Mark Pritchard: To ask the Secretary of State for Environment, Food and Rural Affairs what co-funding partners have been found to establish a workshop on internet wildlife trade at the forthcoming Convention on International Trade in Endangered Species of Wild Fauna and Flora (CITES) in June 2007; and if he will make a statement. 
The EU has submitted a proposal (originally prepared by the UK) to consider the issue of illegal trade in wildlife resulting from the use of the internet. Part of this proposal is to convene a workshop to consider this subject. The Convention on International Trade in Endangered Species of Wild Fauna and Flora (CITES) Conference of Parties,
which takes place in the Hague in June this year, will consider this proposal along with many others. If the proposal is accepted by CITES Parties, a request for voluntary funding to support the workshop will be made by the CITES Secretariat.
Hilary Benn: I have written to British Petroleum plc once in the last year enclosing a copy of DFID White Paper Eliminating World Poverty: Making Governance Work for the Poor. I have not met with them in the last year.
Hilary Benn: Parts of Karuzi, Gitega, Rutana, Ruyigi, Cankuzo and Kayanza provinces of Burundi have been affected by torrential rain and flooding, destroying more than 2,400 houses and affecting an estimated 10,000 people. Overall, the World Food Programme has estimated that as many as two million people, including those affected by the flooding, may need humanitarian assistance. The Government of Burundi have requested the United Nations Office of Co-ordination of Humanitarian Affairs in Burundi to co-ordinate a response.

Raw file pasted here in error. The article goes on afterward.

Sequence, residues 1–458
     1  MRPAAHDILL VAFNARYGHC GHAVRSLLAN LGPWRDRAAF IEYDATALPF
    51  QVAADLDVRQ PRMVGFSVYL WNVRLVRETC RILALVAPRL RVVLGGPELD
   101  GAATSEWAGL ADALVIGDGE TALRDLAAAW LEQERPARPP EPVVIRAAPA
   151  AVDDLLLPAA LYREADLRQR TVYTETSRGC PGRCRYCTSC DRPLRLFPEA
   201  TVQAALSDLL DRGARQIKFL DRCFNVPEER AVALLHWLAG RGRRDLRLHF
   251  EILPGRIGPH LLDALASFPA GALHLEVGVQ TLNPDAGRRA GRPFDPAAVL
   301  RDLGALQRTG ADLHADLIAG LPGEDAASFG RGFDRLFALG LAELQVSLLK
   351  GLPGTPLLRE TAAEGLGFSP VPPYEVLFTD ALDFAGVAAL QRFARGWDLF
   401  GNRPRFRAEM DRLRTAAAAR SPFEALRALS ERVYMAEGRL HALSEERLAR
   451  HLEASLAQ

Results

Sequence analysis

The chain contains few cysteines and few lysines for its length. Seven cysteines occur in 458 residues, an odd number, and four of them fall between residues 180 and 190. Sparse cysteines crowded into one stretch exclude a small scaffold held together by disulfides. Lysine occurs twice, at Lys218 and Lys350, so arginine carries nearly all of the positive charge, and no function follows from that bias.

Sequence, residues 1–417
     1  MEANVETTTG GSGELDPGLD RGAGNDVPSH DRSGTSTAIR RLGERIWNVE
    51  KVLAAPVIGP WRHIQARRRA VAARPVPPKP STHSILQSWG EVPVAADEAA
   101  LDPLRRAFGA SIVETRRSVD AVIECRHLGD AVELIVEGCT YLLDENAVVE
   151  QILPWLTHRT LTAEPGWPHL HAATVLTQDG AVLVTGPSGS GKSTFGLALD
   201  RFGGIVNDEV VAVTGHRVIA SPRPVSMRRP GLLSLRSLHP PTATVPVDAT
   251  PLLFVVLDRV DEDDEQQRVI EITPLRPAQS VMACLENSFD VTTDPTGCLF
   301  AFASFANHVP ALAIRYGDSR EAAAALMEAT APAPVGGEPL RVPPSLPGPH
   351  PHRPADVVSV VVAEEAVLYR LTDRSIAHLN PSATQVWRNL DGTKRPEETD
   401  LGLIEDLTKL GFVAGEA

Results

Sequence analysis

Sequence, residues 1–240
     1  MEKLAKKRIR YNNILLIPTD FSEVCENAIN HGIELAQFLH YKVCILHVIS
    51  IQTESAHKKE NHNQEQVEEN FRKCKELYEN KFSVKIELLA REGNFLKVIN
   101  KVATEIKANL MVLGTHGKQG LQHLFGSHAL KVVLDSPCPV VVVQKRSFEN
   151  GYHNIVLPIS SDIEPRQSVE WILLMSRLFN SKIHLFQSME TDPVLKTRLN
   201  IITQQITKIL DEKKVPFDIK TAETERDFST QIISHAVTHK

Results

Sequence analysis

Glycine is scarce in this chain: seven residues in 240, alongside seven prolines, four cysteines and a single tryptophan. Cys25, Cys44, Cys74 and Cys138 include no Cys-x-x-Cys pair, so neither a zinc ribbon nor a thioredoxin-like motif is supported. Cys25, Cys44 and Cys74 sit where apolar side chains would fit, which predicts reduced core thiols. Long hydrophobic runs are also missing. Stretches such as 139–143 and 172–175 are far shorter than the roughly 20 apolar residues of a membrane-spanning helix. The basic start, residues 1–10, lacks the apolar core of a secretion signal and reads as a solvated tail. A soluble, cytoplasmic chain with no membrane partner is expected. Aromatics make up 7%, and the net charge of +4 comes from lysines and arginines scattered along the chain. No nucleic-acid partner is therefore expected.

DFID is monitoring the situation closely and our humanitarian adviser will visit the country next week. In the meantime, the International Committee of the Red Cross (ICRC) and other NGOs have been supporting flood relief. DFID gave a £500,000 contribution to the ICRC's appeal for its operations in Burundi in November last year. We have also contributed £6,000,000 to the Government of Burundi's emergency rehabilitation plan, and are working with Government and other partners to approve an urgent allocation to flood relief from these funds. We await a final needs assessment on 26 February and are ready to respond further and quickly once precise needs are known.
Mr. Hoban: To ask the Secretary of State for International Development which external consultants were used by (a) his Department and (b) each of its agencies in relation to private finance initiatives in 2005-06; and what the (i) nature and (ii) cost of the work was in each case. 
Mr. Marsden: To ask the Secretary of State for International Development how many employees from his Department have been asked to retire upon reaching 65 years of age as a result of the Department's mandatory retirement policy in each year since 1997.